Fairphone is a Dutch social enterprise that builds phones that are, in the words of CEO Eva Gouwens, “kinder to people and to the Earth.” It aims to create devices that aim to push the mobile industry forward by showing that it’s possible to do better. Gouwens cites Anita Roddick, founder of the Body Shop, who said “if you think you’re too small to make an impact, try going to bed with a mosquito.”
The company has produced two devices already, both of which were designed to last longer than your average phone. It also works with NGOs and manufacturers in China to offer better pay and working conditions for the people assembling the phones. Fairphone also negotiates for improved pay and working conditions for those sourcing the raw materials that go into making a smartphone.
Today, the company announced the Fairphone 3, and it may be the first ethical phone that’s truly ready for the big time.
It’s tempting to pull my punches, because I don’t want to be snarky about people who are trying to do the right thing, but it would be unethical of me to suggest that the Fairphone 2 was a great-looking device. It wasn’t.
The opposite is true of the Fairphone 3. I think it’s utterly gorgeous, and the sort of device I’d be happy to use, and show off, as my primary phone. It looks stark and strong, but sits comfortably in the hand, with that soft plastic going gently onto your skin. The semi-transparent back cover lets you peep at the internals, with the battery declaring that “Change is in your hands.” It’s neat.
Running down the left-hand side are just three buttons: two for the volume, and one for power, and that’s it. Up top, there’s a 3.5mm headphone jack, rejoice!, although there’s no headphones bundled (or a wall wart, or a charging cable). At the bottom, there’s a side-facing stereo speaker and a little cut-out to jam your finger in to pull off the cover. You don’t even need to use the spudger included in the packaging to pull off the back, either, making battery, SIM and microSD-card swaps a breeze.
The Fairphone 3 has a notch running along the top edge, but it’s for the earpiece, not the camera. Moving the selfie lens over may break the symmetry, but it’s a smart choice to avoid everything being sited in a weird line. That asymmetry continues to the USB-C port, which is to the left of center (the microphone is on the right). The camera and fingerprint reader are in the places you would expect, too. Fairphone 3 is a millimeter or two thicker (and boxier) than the iPhones and Galaxies we’re used to, but I think that’s a benefit, not a downside.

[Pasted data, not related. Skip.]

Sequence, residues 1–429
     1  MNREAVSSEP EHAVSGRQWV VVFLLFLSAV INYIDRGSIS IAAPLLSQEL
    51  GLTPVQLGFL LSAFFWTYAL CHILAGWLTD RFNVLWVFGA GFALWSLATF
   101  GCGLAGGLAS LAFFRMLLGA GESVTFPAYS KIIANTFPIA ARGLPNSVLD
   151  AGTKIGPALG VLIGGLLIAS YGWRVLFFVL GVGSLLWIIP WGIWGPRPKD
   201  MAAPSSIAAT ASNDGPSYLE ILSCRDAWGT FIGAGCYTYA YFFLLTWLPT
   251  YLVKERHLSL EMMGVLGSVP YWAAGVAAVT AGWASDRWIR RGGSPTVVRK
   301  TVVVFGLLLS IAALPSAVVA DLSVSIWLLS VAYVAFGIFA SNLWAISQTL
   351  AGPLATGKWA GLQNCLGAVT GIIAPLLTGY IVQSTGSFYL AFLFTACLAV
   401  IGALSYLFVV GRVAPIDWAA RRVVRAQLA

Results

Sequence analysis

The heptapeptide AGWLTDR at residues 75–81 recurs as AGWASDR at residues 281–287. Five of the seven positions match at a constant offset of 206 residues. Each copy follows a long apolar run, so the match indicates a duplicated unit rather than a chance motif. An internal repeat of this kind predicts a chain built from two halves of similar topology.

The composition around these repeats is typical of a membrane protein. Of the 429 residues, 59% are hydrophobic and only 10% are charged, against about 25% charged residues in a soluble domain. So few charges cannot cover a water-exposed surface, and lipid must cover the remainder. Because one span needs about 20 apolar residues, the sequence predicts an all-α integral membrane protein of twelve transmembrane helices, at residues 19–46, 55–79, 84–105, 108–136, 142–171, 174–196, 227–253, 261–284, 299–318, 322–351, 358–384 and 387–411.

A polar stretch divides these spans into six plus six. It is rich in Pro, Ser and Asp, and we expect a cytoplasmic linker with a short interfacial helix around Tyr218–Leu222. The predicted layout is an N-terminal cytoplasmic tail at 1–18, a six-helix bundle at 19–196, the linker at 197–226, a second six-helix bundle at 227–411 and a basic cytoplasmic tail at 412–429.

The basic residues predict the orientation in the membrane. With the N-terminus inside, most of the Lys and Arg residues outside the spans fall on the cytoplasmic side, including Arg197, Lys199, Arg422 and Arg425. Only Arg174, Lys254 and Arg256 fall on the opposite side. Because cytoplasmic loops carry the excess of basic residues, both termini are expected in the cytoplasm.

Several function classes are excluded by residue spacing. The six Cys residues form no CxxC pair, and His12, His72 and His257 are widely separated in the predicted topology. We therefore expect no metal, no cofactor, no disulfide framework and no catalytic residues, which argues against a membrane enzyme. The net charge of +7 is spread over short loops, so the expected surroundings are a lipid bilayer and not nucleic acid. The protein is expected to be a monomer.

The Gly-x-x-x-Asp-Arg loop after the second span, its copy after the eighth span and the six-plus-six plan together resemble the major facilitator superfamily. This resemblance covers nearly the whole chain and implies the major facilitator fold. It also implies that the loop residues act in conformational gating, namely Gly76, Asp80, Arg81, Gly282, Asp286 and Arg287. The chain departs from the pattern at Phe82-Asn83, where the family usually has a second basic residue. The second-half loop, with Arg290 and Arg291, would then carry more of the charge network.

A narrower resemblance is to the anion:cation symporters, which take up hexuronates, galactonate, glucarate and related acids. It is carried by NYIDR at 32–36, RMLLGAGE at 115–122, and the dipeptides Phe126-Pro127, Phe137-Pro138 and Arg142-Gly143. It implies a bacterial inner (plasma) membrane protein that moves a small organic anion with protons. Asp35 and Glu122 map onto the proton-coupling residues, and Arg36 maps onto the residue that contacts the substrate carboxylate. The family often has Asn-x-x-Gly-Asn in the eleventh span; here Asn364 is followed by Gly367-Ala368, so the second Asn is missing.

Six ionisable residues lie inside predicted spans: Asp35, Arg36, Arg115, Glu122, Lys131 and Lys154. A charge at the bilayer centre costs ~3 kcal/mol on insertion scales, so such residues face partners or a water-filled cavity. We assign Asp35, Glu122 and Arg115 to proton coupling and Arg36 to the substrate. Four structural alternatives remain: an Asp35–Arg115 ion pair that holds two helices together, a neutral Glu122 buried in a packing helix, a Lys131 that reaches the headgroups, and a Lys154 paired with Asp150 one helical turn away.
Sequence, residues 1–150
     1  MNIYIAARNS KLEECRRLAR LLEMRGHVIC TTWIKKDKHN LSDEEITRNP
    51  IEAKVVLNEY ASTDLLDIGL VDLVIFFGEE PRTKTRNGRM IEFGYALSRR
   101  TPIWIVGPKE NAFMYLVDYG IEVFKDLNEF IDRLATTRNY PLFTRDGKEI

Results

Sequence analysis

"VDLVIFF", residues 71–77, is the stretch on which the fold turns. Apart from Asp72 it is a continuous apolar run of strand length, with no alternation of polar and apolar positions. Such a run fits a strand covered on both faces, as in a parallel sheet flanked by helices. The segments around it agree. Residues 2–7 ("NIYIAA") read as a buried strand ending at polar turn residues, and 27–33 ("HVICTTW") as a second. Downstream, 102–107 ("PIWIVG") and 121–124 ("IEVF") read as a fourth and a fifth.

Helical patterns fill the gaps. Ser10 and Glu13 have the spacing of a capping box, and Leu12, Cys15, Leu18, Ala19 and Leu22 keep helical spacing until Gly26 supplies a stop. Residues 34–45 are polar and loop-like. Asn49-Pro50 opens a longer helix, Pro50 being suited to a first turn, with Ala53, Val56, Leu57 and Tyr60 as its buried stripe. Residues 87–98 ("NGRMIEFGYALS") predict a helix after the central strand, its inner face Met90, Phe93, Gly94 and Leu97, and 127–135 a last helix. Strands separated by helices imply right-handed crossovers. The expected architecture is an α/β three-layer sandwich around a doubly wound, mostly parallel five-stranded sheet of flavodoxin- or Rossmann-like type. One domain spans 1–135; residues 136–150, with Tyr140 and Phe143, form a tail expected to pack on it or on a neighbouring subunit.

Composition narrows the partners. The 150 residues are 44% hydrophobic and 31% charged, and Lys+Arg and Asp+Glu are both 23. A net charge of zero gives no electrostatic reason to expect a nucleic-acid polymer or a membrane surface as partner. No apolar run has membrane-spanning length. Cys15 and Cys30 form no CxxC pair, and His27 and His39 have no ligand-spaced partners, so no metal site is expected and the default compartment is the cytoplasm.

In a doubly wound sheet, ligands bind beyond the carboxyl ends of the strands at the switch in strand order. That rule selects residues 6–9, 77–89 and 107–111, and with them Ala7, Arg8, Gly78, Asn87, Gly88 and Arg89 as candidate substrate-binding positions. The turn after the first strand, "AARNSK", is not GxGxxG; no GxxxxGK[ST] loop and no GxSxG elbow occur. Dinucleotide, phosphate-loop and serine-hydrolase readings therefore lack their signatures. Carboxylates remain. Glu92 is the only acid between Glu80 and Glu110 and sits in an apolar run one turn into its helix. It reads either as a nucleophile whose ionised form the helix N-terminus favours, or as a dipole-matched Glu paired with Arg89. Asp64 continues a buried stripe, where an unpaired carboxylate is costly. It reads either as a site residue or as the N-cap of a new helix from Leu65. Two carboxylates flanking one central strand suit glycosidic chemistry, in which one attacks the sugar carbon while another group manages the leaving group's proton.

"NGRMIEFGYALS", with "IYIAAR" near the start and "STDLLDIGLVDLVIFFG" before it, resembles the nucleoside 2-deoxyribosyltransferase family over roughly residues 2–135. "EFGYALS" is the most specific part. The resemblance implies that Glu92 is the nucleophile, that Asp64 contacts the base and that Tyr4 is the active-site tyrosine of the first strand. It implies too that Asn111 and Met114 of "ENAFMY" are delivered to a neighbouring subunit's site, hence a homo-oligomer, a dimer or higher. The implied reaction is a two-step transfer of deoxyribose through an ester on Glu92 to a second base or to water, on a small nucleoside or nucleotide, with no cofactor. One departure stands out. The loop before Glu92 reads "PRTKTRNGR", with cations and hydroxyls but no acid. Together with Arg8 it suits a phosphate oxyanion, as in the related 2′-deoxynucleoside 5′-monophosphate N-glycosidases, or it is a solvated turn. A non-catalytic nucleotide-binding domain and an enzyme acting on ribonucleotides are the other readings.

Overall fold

Because the technology itself is so refined, and so mature, you would have to make an effort to produce a bad LCD display in 2019. That means there’s little else to say about the 3’s 5.7-inch, 18:9 full-HD screen, because it’s perfectly fine. Colours are a little muted, but then I find that on a lot of Android devices without OLED screens. Viewing angles are great, as are the black levels.
I have fewer nice things to say about the side-firing stereo speakers which rattle at higher volumes and even at max, are a tad weak. Nobody wants to be the asshole on public transport playing music without headphones but, if you’re in a pinch at home, you want to be able to play tunes on your phone. On this? It’ll be fine if you’re close by, but it’s not going to fill a room. Thankfully, there’s that 3.5mm headphone jack, for those of us still clinging to the most valuable of input methods — and Bluetooth (5.0).
Inside the Fairphone 3, there’s a Snapdragon 632 paired with Adreno 506 graphics and 4GB RAM. That’s a spec that screams “lower mid-range,” but honestly, many of us don’t need the sort of power on offer on a flagship these days. If you’re doing nothing more than texting, browsing the internet, using social media and watching video, this is a perfectly fine specification. And you would hope that it’ll still have the power to keep doing those same things in five years’ time.
The 3,000mAh battery is removable, naturally, and will be dirt-cheap to replace when it gives up the ghost. For context, the 2,400mAh cell in the Fairphone 2 can be replaced for just €20 ($22), around a quarter of what Apple will charge to do the same job. In a surprising move, there’s 64GB storage inside, a strong statement given the need for Fairphone to keep its costs down. Should you require more, you can still bolster that with the built-in microSD card slot.
The Fairphone 3 is running stock Android 9 / Pie, and I had absolutely no gripes about its performance. Animations are snappy and responsive, and I’ve spotted no lags with the camera or any other app. Switching orientations in YouTube when running HD video often trips up lesser devices, but it’s smooth as anything here. Fingerprint sensor, too, is smooth and fast, ticking the meat and potatoes boxes you would expect from a device like this.
During testing, I wasn’t able to test the handset’s performance with Fortnite, the mobile game du jour. According to the company, that’s because the prototype hasn’t been certificated but I doubt it’ll run well on that low-end Adreno 506.
On the imaging front, the Fairphone 3 has a 12-megapixel primary camera with a f/1.8 aperture and Sony’s Exmor IMX363 sensor. It may not be as showy as the imaging gear knocked out by Huawei, but it’s not an embarrassment. Colours and detail pop, and even at the 8x digital zoom, you can pick out details — albeit with a lot of grain and muddiness. The night-time modes aren’t up to, say, that of Google’s own phones, but they’re not bad if there’s some light in the room.